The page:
Saturday, May 3, 2014

Zhōng​cān​ (中餐)

People tell me that, once you become a parent, life is never the same again.  We haven't become parents yet (the damned TA still hasn't come!), but life has already changed for me.

I love to eat.  I REALLY love to eat.  However, for various reasons, my tastes were pretty limited when I was younger.  Other than pizza, spaghetti, and the occasional trip to a Mexican restaurant, my diet was essentially limited to Southern American cuisine (which is, of course, quite delicious).

This started to change in university when I became friends with some yank... um... people from the northern part of our country, I meant to say... who were (and are) excellent cooks and started to introduce me to dishes that I'd never tried.

Things changed a lot more when I traveled to Barcelona for work in my first job.  Despite dire warnings from my department head - "Don't drink anything that doesn't come out of a bottle or can, because you're going there to work, not be sick!" - I determined to at least try whatever was set before me.  Paella, squid, octopus, even snails (though, truth be known, I was three sheets to the wind at the time)... All delicious.  I should note that I got an upset stomach twice during my trip: once in Spain, and then immediately when I returned home and hit my favorite fast food joint after leaving the airport.

But Chinese food?  My father was in Thailand during the Vietnam War and told us horror stories about the things that Thais would eat.  From this, I got the idea that Asian food in general... Well, you're taking your life into your hands to even taste it. 

We live and learn.  When we started the process of adopting our daughter, I made up my mind that I was NOT going to spend my time in China searching desperately for a McDonalds or KFC.  I also decided that I was NOT going to live on fried rice, either: I WOULD try the local cuisine.  To help prepare myself for this, I asked our Mandarin tutor about where she likes to eat here in town.  She put us on to a local place, Sampan, that she told us was good and also authentic.  I'm so glad that she did!  I don't claim that Chinese food (Zhōng​cān) is my favorite, but there are some dishes that I very much enjoy.  The fried dumplings (jiānjiǎo) at Sampan are absolutely delicious; I can easily eat two orders and still not feel as though I've gotten enough.  Beef soup with noodles (Niúròu tāng miàn) is also very good as well as being served in a bowl about the size of a tureen for those of us with a healthy appetite.  But the dish that I think I've come to love best is beef chow fun (n chǎo niú hé).  This plate of paradise is conceptually pretty basic: stir fried beef, onions, bean sprouts, oyster sauce and wide rice noodles.  However, preparing it correctly - not turning the delicate rice noodles to mush, for example - requires a certain amount of skill, and I've read that the ability to cook n chǎo niú hé is an absolute requirement for those who wish to become Cantonese chefs, much in the same way that anybody wishing to say that he know how to cook Southern food has to be able to make fried chicken and biscuits.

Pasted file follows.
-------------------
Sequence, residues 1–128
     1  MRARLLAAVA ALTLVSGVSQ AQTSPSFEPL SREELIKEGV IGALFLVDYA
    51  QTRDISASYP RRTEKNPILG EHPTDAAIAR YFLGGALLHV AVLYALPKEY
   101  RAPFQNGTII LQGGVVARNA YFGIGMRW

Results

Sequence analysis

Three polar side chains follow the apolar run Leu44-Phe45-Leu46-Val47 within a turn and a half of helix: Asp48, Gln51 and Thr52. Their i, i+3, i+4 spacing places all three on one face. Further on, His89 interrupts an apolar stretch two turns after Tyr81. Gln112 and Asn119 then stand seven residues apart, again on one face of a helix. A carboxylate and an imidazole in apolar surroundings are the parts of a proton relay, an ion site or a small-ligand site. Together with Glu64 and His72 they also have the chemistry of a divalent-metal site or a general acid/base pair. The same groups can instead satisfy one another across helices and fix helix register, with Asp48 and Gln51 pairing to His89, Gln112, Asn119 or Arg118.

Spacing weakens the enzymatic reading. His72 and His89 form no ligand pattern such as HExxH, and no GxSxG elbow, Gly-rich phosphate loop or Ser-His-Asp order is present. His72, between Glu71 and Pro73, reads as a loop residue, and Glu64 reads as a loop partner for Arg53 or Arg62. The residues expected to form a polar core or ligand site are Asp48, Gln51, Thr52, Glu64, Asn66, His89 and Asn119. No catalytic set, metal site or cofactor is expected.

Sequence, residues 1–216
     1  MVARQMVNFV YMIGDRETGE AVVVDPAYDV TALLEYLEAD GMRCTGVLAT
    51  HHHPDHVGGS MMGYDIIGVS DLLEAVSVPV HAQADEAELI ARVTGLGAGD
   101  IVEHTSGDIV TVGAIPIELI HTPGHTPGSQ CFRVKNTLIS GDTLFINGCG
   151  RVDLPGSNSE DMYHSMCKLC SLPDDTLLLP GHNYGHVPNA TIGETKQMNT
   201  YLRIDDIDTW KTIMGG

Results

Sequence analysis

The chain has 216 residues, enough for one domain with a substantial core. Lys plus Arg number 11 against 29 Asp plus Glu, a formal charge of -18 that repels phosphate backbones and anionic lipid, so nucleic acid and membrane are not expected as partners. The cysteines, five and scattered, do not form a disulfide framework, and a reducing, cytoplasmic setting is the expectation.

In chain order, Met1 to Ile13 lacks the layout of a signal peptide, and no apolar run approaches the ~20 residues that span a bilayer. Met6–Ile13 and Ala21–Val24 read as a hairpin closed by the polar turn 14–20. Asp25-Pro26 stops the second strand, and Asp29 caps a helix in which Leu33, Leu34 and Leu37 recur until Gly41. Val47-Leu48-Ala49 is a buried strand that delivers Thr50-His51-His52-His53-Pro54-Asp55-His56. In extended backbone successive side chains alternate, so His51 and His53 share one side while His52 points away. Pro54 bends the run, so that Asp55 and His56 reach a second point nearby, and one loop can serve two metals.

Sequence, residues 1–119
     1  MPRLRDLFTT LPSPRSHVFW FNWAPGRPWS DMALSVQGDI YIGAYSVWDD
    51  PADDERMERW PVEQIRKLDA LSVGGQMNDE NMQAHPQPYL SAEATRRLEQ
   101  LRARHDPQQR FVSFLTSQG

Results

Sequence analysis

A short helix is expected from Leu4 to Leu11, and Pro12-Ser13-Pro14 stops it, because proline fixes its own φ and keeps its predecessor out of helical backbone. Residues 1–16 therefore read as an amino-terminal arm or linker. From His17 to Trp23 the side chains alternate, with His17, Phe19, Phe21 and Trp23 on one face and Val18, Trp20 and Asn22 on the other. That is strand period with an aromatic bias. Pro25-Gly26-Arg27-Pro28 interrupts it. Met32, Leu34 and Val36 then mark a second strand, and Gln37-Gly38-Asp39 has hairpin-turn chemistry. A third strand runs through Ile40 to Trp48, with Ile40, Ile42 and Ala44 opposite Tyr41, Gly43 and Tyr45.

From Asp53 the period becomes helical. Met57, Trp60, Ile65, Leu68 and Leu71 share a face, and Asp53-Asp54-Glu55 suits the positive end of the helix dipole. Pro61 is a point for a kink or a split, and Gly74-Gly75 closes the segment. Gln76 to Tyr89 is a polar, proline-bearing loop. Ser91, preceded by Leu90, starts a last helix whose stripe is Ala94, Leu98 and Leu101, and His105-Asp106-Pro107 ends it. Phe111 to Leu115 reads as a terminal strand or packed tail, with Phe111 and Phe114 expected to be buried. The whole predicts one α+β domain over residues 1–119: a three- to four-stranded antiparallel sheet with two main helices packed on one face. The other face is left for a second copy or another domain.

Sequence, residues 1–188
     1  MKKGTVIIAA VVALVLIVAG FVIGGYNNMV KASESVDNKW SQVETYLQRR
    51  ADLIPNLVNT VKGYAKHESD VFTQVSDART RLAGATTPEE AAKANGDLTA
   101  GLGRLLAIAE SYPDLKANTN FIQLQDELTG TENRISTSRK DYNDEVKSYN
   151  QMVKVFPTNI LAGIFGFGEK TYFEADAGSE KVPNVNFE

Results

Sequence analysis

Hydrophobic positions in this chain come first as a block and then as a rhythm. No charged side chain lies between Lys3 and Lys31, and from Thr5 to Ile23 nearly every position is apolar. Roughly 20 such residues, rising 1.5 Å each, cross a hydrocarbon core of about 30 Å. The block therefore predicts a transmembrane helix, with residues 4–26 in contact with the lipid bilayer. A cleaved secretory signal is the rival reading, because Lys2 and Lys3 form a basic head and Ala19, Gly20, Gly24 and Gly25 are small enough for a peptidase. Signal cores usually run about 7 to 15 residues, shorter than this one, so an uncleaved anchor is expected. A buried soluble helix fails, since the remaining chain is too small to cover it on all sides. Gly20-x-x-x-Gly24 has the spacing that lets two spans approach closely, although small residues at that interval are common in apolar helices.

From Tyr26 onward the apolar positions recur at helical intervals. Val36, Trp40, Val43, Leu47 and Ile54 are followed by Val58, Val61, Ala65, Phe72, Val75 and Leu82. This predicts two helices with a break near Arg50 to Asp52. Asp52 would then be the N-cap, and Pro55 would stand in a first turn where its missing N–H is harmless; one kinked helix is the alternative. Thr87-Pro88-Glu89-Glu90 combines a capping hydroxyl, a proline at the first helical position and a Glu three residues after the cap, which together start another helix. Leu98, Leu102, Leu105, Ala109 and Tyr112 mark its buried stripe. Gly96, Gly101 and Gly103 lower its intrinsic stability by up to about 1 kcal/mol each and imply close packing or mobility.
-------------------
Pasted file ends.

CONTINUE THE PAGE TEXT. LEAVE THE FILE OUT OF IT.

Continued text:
Let's just say that they do it right at Sampan, including cooking with fresh (not dried) rice noodles.

I like to eat mine with hot Chinese mustard: I dip my chopsticks in the mustard - a little goes a LONG way - and put it on the noodles.  This causes my wife a great deal of amusement as the mustard is hot.  Blistering hot.  Thermonuclear hot:

SELF [upon taking the first bite] - "Ah... ah... ah!  This is so hot... OH!  I'm dying!  [shoveling in as fast as I can]  This is so... WATER!  I'm on fire... delicious!  MORE!  Oh, I can feel my sinuses burning out!  MORE!"

The owner of Sampan is often amused (amazed?) by my ability to wolf down a huge plate of chow fun (usually right after a double order of jiānjiǎo​): "You have a good appetite!"

With a plate of their chow fun before me?  YES, I DO!

I have read that the food in both Wuhan and Guangzhou is excellent, and I am looking forward to trying règānmiàn (hot spicy noodles) and dòu​ (a sort of fried cake or casserole of rice, tofu and other things) in Wuhan and, of course, chow fun in Guangzhou.

It's no wonder that I'm fat...

As a final note, before we were matched, all our research indicated to us that our daughter would likely be small and underweight.  We were not worried: if there's one thing my wife and I know how to do, it's put weight on a young 'un!  Given Caroline's actual size, however, our problem MAY be that she and I will fight over what's on the table... or go bankrupt trying to feed the two of us.

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